During an appeal to government and private donors to pledge money to the Global Fund to Fight AIDS, Tuberculosis and Malaria on Monday, UNAIDS Executive Director Michel Sidibe warned of the repercussions tightening budgets could play in the global fight against HIV/AIDS, the Associated Press reports. “An estimated 94 percent of patients on anti-retroviral treatment in Africa count on external donor funds to provide their medications, Sidibe said,’ according to the news service. “If we stop now, if we reduce the financing, the people who are on treatment today … we will transform their hope for universal access into a universal nightmare, because they will start dying,” Sidibe told the AP.
The U.N. Office on Drugs and Crime (UNODC) on Monday warned of an impending “health disaster facing developing countries if wealthy nations fail to control drugs,” the Agence France-Presse reports. During a speech delivered in Vienna, UNODC chief Antonio Maria Costas pointed to “increasing use of heroin in East Africa, cocaine in West Africa, and synthetic drugs in the Middle East and South East Asia as warning signs” of a growing drug problem in impoverished nations (3/8).
2010 To Be ‘Decisive Year’ For Global Health, Global Fund Director Says In a BusinessDay opinion piece, Executive Director of the Global Fund to Fight AIDS, Tuberculosis and Malaria Michel Kazatchkine reflects on the organization’s progress and impact on global health outcomes since its creation in 2002, as detailed in…
Also In Global Health News: Leishmaniasis Treatment; China’s National Health Plan; Zimbabwe Food Security; HIV/AIDS Spending In India
Heating Device Effectively Treats Cutaneous Leishmaniasis, Study Says “A heating device that uses radio frequency energy to heat parasites and kill them could provide a new way to treat â€¦ cutaneous leishmaniasis in Iraq, Afghanistan and elsewhere, military researchers reported Monday,” the Los Angeles Times’ blog “Booster Shots” reports. “The…
Also In Global Health News: HIV Study; Health Access, Hunger In Sudan; HIV/AIDS In Guyana; Malaria Deaths In Malawi; North-South Korea Health Program
HIV Hides Outs In Bone Marrow, Study Finds HIV “can hide in the bone marrow, avoiding drugs and later awakening to cause illness, according to new research that could point the way toward better treatments for the disease,” the Associated Press reports (Schmid, 3/7). The findings, published Monday in the…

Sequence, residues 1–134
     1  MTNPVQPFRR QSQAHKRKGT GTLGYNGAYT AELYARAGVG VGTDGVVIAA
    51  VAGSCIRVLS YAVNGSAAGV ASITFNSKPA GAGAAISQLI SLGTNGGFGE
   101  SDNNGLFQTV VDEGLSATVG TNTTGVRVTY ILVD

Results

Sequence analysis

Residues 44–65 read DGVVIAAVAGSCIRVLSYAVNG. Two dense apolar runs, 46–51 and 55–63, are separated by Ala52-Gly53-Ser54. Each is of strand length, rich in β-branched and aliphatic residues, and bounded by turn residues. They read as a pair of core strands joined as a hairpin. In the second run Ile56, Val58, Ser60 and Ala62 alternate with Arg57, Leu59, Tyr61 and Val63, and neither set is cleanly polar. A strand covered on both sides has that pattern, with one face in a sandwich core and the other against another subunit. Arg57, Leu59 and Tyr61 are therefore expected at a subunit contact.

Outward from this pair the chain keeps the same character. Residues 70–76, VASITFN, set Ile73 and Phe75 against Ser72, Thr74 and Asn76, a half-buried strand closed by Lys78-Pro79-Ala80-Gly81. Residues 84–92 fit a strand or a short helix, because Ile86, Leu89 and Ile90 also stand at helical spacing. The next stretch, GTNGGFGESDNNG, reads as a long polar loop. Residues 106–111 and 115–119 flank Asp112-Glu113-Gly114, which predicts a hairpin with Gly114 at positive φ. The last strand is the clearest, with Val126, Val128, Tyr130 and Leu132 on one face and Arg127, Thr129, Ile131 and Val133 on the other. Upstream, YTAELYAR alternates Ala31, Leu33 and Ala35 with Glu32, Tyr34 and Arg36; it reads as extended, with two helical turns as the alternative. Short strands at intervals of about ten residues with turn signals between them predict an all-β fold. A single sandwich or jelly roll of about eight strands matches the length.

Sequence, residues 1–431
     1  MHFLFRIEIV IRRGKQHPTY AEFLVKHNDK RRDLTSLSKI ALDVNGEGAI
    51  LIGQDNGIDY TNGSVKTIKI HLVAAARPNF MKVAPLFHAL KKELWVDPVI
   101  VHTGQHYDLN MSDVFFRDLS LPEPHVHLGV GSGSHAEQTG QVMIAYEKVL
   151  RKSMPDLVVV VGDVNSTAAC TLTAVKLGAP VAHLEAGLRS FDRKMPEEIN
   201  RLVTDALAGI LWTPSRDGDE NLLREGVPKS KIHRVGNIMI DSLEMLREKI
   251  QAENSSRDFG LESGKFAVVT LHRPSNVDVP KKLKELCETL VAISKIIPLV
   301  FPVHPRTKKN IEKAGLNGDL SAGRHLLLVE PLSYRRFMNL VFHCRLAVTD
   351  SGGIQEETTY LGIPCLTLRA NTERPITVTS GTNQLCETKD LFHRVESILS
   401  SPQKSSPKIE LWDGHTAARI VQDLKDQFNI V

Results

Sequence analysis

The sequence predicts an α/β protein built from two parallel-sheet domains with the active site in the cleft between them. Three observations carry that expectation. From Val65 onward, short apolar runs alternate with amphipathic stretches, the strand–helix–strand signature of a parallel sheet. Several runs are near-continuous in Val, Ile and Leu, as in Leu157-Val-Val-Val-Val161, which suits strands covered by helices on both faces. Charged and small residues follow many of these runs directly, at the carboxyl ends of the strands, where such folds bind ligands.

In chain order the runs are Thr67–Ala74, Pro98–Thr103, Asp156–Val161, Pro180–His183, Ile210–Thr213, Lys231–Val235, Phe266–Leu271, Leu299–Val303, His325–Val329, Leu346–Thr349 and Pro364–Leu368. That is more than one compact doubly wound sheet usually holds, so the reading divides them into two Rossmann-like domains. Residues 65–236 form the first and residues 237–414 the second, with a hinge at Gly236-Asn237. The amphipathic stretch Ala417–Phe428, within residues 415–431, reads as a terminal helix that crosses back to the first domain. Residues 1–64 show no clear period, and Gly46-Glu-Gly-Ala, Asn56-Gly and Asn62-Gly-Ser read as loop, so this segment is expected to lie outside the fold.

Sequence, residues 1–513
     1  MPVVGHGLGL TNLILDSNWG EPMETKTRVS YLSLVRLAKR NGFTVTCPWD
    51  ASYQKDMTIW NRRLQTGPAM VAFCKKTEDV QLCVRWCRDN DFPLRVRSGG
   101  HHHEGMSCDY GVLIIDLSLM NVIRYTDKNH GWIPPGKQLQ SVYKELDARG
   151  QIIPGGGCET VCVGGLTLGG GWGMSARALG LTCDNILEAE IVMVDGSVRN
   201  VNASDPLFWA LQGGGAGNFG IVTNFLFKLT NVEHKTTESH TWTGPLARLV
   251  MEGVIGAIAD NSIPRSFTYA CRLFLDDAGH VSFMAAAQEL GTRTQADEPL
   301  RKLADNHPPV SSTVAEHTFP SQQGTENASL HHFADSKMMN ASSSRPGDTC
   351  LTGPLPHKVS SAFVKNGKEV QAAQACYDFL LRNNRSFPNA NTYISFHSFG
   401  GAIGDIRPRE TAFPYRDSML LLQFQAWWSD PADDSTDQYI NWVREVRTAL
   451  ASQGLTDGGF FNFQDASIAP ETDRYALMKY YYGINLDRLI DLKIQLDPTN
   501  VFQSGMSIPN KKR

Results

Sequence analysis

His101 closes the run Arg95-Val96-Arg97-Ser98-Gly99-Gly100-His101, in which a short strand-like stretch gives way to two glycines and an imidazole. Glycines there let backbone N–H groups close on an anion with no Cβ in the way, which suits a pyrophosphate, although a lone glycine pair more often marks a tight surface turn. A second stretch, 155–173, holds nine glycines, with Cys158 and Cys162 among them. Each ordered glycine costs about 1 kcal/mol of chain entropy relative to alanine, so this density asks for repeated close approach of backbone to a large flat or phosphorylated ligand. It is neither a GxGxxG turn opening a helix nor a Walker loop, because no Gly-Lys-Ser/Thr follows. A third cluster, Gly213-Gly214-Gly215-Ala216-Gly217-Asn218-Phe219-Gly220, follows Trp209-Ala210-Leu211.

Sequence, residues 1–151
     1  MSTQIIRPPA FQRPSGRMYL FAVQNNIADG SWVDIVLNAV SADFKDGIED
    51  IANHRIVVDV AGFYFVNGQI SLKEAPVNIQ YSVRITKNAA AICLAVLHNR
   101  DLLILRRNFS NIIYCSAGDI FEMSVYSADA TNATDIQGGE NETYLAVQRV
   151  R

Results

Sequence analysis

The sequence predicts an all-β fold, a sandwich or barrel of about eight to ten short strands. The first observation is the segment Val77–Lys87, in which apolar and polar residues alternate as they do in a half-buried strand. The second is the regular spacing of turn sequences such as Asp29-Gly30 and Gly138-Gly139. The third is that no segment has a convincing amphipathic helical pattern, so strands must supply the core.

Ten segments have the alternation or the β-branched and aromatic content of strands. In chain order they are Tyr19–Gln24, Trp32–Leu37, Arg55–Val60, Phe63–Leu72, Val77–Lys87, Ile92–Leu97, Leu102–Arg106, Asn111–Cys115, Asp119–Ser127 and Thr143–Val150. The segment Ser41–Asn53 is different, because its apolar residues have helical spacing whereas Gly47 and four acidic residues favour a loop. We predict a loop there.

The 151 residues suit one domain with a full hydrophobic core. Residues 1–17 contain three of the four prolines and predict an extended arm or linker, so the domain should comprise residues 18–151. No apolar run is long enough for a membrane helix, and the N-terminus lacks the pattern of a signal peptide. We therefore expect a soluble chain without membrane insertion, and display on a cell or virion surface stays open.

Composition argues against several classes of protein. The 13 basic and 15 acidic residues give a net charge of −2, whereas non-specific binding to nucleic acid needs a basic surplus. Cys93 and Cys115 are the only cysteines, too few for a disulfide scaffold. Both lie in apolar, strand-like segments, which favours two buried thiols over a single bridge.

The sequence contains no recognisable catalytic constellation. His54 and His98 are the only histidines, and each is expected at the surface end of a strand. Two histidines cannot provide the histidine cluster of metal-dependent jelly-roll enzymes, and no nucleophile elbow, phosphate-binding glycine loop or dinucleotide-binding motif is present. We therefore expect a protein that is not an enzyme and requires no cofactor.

By 2015, mother-to-child HIV transmission will be virtually eliminated and deaths from malaria and tuberculosis will continue to decline if health investments for the diseases are maintained or scaled up, according to an annual report published Monday by the Global Fund to Fight AIDS, Tuberculosis and Malaria, Agence France-Presse/Africasia.com reports (3/8).
Study, Conference Highlight Risks Associated With Migrant Workers’ Limited Access To Health Services
Despite being at high-risk for HIV infection, migrant workers in Southern Africa have a challenging time accessing HIV prevention and treatment services, according to a new study by the International Office of Migration (IOM), PANA/Afrique en ligne reports.
Also In Global Health News: HIV In Philippines; Birth Control, Child Health In Afghanistan; Guatemala’s Progress On MDGs
Philippines’ Health Secretary SeeksÂ To Boost Condom Distribution After Increase In HIV Diagnoses The Philippines’ Health Secretary Esperanza Cabral on Thursday announced she would seek additional public funds to support the distribution of condoms among high-risk groups, after the country recorded 143 new cases of HIV in JanuaryÂ â€“ its highest number…
Study Finds Pfizer’s Pneumonia, Meningitis Vaccine Protects Against Recurrent Pneumonia In HIV Patients
Pfizer’s Prevnar 7 vaccine, which protects against pneumonia and meningitis, has been shown to reduce the risk of recurrent pneumococcal infection in patients living with HIV in Malawai, according to a study published Thursday in the New England Journal of Medicine, Reuters reports.
A five-day workshop that opened Monday in Ho Chi Minh City, Vietnam, will address ways to improve HIV/AIDS surveillance in the Asia region, Viet Nam News reports. The workshop has brought together “surveillance technical staff from government departments, non-governmental organisations and U.S. Government agencies from 14 countries in Asia to provide updates and best practices on key issues related to the conduct and use of HIV/AIDS surveillance data,” according to the news service (3/3).